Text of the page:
Positively Cleveland asked Clevelanders to use the tag when sharing good news about the city in tweets, like when Man v. Food's Adam Richman praised Cleveland on the Today show last month: "It is the heartland, it's near great farmland, there's the historic West Side Market," he said. "Cleveland is a special place that often gets overlooked."
Of course, it rained the day after he left. July sunshine would've seemed cruel after a loss like that.
We've always wanted to surprise the rest of the country with Cleveland's greatness, and he made it happen. People saw us differently because of him. Then, when we ran into a tough time and really needed him, he was gone.
It shows our range, our unpretentious respect for the many categories of Cleveland greatness, that so many of the people who raged at LeBron James' Decision to split for the Sunshine State also mourned four days later when Harvey Pekar died. In Cleveland, even the literary and indie-film crowds cheer for pro sports, and even the most mainstream sports fan took pride in Pekar's cranky late-night jousts, when he gave smarmy David Letterman the Full Cleveland treatment.
The comic-book author's obituaries were appropriately quieter, more respectful, than the jilted city's howl at The Decision. But the second of our two July losses was actually the worst, and the truest Cleveland moment of 2010. After LeBron crushed our championship hopes, leaving a barren landscape of struggling-toward-.500 teams in his wake, the city desperately needed a midyear correction, a reminder from a trusted voice that we'd stumbled back into a perennial Cleveland mistake: We'd invested way too much hope in a pro athlete. Just when we most needed a strong, angry dose of Harvey Pekar's gloomy realism, he wasn't around to write it.
Pekar's comics included no heroes of any kind, no superheroes, no kings and especially no sports heroes. American Splendor found Cleveland's true essence in the West Side Market's barking vendors, the big two-story double houses where relatives lived a floor apart, sightseeing tours of the steel mill and the Orthodox church where The Deer Hunter was filmed. Pekar refused to visit the Rock Hall and mocked the Dawg Pound because his pessimist's eye mistrusted the comeback stories Cleveland tells itself.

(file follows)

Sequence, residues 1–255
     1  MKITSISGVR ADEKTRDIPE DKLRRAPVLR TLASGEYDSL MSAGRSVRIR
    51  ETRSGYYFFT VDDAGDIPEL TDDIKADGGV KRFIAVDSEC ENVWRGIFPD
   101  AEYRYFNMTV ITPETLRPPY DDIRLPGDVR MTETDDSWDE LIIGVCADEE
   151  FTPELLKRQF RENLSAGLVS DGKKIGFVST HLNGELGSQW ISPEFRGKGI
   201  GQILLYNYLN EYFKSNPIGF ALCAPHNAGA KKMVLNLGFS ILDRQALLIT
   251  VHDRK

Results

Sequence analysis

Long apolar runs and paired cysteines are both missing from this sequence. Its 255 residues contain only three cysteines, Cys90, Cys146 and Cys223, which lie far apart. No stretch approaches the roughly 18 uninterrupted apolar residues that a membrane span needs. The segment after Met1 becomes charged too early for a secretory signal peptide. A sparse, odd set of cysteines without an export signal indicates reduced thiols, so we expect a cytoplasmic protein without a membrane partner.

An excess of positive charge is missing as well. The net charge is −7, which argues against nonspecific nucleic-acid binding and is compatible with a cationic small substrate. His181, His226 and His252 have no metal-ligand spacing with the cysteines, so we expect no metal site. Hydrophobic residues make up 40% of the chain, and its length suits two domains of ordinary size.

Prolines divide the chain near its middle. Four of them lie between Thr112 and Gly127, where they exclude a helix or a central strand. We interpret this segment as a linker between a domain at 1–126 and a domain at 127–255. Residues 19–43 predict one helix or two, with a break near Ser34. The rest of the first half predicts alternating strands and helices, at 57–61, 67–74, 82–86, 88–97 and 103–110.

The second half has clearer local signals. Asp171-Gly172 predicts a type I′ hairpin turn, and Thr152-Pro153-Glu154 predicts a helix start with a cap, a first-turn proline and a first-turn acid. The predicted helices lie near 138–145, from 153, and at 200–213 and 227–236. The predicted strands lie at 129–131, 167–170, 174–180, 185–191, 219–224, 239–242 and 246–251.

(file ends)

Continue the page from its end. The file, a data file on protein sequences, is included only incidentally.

"Harvey, how are things in Cleveland?" Letterman asked him one night, years ago.
"What aspect of Cleveland life are you particularly interested in, Dave?" Pekar asked, his voice lilting with sarcasm. "The climate? The unemployment situation, perhaps?"
Afterward, civic boosters asked Pekar why he hadn't raved about the new Jacobs Field.
"There are people who like me to talk about Cleveland the way it is and be honest," he
That's how we feel today. That's why, looking back on 2010, we're presenting what we feel is an honest account of the year's events. We Believe In Cleveland as much as anyone and chronicle its best for a living, but sometimes we also have to help the city get something off its civic chest.
In December 2010, after LeBron, after Harvey's death, after the torturous wait for Jimmy Dimora and Frank Russo to be arrested already, and after the federal indictments' tawdry embarrassments, we feel the need to acknowledge it: This year sucked.
Even Forbes.com, that shallow list-maker, master of the top 10 hit-and-run, might have been onto something. Cleveland knows gloom. It's part of our atmospheric conditions. We aren't permanently miserable, but misery lived in Cleveland for a long time, still knows a lot of people in town and comes back home to visit pretty regularly. We just hope that after the holidays, it clears out of the guest room and takes its talents to South Beach.
Tuesday, May 31, 2011 2:38:13 PM by Paul
I just read this today, and yeah 2010 was a bad year for Cleveland. I even wrote two things about Cleveland. One is called "7 Curses of Cleveland Sports" and "It's a Wonderful City".